The current system of incentives for ASHAs somewhat works, but fails at many levels, especially when it comes to the value and perception of welfare of beneficiaries. The incentives are driving them to do very specific tasks – immunization, sterilization and getting beneficiaries to aÂ governmentÂ facility. This automatically sidelines all other parts of the process. So, while the importance lies in babies being delivered safely, or delivered in an institution perhaps, the focus ends up in leading them to a government facility because that is where ASHAs are given their incentives.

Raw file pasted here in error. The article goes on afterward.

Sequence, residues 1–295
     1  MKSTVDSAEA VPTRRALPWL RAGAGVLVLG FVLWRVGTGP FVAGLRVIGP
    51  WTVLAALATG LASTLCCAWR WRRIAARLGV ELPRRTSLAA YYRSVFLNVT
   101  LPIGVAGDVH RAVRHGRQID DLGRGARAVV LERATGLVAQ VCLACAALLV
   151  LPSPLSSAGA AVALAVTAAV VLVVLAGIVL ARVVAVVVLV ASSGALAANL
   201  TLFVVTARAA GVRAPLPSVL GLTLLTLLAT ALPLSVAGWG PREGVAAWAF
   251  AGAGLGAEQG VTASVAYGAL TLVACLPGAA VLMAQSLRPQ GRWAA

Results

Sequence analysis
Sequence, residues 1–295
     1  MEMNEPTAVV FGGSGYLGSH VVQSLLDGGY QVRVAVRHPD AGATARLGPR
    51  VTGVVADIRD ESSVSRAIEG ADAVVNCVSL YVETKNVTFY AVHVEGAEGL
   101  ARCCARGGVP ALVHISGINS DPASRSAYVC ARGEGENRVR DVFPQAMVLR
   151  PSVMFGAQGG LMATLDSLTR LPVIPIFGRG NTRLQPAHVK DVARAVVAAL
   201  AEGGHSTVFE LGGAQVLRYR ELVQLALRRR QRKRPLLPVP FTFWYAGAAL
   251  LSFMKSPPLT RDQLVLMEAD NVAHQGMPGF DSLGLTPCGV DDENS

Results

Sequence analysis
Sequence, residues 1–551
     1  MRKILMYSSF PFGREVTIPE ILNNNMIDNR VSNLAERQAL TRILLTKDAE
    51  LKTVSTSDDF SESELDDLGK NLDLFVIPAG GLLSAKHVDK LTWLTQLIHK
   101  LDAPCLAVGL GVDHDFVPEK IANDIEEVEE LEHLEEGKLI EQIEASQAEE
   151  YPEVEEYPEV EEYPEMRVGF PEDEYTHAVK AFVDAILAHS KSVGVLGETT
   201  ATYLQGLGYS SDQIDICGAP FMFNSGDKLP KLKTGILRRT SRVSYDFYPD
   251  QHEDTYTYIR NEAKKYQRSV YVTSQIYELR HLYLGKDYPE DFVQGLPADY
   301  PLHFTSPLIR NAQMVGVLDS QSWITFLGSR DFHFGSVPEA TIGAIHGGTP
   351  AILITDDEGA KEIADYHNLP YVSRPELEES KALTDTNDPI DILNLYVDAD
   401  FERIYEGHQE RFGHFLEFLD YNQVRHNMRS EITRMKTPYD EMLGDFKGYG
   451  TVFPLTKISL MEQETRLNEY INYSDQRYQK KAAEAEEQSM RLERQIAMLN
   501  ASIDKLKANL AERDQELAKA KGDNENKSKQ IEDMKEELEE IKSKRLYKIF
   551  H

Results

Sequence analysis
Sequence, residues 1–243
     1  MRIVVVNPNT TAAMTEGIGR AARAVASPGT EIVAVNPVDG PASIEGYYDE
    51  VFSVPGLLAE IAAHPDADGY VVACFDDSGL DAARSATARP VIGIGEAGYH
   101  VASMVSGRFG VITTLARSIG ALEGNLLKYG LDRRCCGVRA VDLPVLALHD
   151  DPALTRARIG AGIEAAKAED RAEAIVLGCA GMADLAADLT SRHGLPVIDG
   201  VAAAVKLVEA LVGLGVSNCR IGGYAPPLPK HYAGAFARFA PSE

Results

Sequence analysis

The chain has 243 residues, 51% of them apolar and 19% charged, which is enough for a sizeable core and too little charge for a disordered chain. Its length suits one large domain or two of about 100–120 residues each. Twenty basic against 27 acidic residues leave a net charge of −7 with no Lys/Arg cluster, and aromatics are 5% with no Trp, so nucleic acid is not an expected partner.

It makes us think what alternate ways of job satisfaction can be provided to inspire ASHAs to do their part well. Here’s a leaf that talks about this, from our Design Diaries from field.